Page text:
Developer

The resurgence of COBOL

If you are an aging programmer, you have likely seen and/or programmed in COBOL at some point in your life. Indeed, most baby boomers learned COBOL as a first, second, or third language as they began their programming careers. Still, most of us think of COBOL as a dead language that is in the process of being replaced in business.

If you are an aging programmer, you have likely seen and/or programmed in COBOL at some point in your life. Indeed, most baby boomers learned COBOL as a first, second, or third language as they began their programming careers. Still, most of us think of COBOL as a dead language that is in the process of being replaced in business.

Or is it? A glance at a recent article in ComputerWorld may provide part of the answer.

COBOL stands for Common Business-Oriented Language, having its foundations in Grace Hopper's "FLOW-MATIC" and COMTRAN invented by Bob Berner. According to a 1997 survey by the Gartner Group, 80% of the world's business runs on COBOL, with an estimated 200 billion lines of code in existence and an estimated five billion lines of new code annually.

Because there is a massive installed base, the expense to replace the code would be prohibitive. So, many companies are looking for ways to integrate COBOL with newer applications.

In addition, the average COBOL developer is generally nearing retirement age. In 2004, Gartner made an effort to count COBOL programmers. They estimated then that there were about two million of them worldwide and that the number was declining at 5% annually.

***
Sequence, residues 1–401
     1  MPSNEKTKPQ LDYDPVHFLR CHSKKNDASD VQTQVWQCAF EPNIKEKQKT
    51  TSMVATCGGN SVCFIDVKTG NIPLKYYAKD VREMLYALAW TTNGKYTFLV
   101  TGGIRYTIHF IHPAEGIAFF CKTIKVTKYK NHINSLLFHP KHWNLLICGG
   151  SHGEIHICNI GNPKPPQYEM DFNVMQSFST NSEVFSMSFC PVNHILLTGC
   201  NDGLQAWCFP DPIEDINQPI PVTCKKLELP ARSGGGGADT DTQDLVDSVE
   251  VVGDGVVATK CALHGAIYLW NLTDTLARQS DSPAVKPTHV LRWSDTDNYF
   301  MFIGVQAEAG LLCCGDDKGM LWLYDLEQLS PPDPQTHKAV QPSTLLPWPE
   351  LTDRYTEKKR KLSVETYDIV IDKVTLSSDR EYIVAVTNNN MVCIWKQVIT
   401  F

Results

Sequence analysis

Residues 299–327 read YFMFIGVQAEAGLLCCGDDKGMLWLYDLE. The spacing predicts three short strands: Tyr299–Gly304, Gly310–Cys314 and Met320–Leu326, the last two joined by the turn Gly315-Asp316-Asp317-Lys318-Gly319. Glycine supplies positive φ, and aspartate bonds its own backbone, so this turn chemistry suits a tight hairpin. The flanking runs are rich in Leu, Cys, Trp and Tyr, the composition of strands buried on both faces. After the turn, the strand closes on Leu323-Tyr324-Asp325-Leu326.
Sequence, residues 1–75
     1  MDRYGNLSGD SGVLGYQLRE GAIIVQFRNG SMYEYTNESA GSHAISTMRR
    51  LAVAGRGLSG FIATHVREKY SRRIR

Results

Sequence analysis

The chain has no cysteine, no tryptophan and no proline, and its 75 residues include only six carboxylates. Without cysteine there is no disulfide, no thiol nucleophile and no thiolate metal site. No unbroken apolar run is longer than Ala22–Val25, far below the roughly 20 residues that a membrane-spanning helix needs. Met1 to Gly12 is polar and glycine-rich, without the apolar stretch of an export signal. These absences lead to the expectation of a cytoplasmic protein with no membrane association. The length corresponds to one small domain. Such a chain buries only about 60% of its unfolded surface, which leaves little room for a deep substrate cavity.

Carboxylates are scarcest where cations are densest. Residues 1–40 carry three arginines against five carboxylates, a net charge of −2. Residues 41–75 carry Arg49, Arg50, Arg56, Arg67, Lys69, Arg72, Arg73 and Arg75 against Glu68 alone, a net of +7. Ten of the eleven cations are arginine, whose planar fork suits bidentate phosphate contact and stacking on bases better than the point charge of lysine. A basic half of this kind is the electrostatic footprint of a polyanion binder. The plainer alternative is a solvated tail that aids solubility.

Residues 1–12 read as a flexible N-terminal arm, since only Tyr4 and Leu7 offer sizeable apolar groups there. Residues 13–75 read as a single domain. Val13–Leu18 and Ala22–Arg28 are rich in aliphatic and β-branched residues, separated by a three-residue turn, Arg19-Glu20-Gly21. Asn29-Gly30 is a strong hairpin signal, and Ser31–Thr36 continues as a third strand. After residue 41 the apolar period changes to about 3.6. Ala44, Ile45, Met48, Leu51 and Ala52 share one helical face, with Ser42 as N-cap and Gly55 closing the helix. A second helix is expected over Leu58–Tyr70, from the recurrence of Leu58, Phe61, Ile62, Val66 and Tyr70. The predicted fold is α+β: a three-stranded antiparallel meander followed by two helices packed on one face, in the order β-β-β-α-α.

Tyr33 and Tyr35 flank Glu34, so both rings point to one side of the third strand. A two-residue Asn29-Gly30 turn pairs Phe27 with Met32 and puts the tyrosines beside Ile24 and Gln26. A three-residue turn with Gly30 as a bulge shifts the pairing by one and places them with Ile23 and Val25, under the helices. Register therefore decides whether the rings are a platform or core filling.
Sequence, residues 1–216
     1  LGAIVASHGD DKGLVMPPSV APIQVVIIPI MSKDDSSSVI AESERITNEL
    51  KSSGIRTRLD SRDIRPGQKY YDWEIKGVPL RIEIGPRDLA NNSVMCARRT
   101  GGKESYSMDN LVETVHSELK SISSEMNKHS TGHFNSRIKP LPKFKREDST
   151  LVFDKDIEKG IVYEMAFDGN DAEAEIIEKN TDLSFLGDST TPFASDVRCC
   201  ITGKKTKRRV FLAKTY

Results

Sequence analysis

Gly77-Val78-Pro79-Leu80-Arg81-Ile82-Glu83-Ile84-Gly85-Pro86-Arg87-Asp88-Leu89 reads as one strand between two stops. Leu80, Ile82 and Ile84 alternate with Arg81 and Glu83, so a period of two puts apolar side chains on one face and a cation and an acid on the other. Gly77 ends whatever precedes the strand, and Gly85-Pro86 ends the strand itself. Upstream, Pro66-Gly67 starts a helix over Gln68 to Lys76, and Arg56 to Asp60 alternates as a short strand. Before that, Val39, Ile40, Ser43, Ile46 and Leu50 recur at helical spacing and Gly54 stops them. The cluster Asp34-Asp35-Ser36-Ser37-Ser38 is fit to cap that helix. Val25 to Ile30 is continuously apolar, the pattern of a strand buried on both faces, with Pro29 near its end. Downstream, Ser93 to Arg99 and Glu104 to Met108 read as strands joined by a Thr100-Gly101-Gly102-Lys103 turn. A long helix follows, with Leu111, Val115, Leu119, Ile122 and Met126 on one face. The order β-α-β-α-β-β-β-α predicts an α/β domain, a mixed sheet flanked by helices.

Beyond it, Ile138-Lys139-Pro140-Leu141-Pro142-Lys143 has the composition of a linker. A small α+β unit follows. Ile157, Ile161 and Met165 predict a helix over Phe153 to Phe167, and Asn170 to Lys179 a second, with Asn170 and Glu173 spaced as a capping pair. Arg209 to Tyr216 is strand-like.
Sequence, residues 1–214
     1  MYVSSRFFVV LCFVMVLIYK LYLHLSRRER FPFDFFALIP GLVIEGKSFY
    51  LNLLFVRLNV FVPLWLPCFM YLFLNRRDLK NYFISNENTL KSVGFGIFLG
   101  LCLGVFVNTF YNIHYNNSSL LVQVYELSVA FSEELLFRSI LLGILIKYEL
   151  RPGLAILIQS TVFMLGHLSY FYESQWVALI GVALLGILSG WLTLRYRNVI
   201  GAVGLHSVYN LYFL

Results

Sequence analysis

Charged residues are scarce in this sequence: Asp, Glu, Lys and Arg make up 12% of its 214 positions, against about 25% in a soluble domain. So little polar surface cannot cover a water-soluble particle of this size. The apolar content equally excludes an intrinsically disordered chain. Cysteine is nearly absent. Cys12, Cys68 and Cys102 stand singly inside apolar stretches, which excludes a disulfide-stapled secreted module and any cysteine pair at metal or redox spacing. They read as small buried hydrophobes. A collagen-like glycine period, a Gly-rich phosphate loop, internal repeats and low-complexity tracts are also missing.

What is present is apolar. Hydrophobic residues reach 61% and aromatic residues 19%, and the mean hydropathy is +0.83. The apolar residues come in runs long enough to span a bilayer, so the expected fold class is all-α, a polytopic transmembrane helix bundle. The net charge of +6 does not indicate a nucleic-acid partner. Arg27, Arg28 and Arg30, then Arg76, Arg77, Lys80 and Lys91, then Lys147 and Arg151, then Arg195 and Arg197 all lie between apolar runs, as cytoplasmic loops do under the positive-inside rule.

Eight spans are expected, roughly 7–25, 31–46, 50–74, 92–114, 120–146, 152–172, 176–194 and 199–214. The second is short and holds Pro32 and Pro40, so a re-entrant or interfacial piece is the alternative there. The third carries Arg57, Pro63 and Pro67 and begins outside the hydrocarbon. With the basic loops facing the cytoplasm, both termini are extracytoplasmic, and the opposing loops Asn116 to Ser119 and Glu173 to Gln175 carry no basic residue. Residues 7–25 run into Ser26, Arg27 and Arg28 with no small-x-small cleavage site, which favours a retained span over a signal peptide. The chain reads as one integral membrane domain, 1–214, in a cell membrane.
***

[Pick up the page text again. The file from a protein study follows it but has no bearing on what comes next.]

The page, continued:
From ComputerWorld:

We surveyed Cobol programmers and companies involved in the Cobol field and determined that the market these days supports two types of careers:

  • An emerging role in which the programmer serves as a bridge between Cobol code and new applications. Such jobs require people who understand Cobol, the business rules and processes on which old Cobol programs are based, and more modern languages such as Java.
  • A more traditional programming path, in which the employee maintains and fixes old Cobol code in addition to writing new code, also still in Cobol.

The Cobol liaison role can be an interesting career path, says Ramadoss. "Cobol doesn't stop at Cobol," he points out. "You can integrate it into any modern technology."

With the emergence of service-oriented architectures, companies are able to more easily reuse their Cobol code, notes Nate Murphy, president of Nate Murphy International, an IT professional services firm.

The 66-year-old Murphy, who has decades of mainframe and Cobol experience, sees a resurgence in the value of Cobol because of the emergence of SOA and IBM's Language Environment, which provides a common runtime environment for combining many different languages, including Cobol.

"Now you can extend and add subroutines for other Web-based features that you need," he says. "All of a sudden you've got a valuable asset in these old Cobol programs, and you can extend them and expand their capability without writing new code."

It would seem that being a COBOL programmer isn't such a dead end after all. With a significant installed base and no apparent signs of significant replacement, COBOL may be a viable and vibrant career path for some time to come.

Do you program? Java, AJAX, .NET, and others are the hot languages, but it is impossible to deny that COBOL is still a vibrant skill set. Would you consider COBOL as a career path, or do you think that it has had its day in the sun?

More information:

The looming day of reckoning (ComputerWorld)

Top technology, media and telecommunications trends for 2008 showcase society's struggle with the "double edged sword" of progress (Exchange Morning Post)

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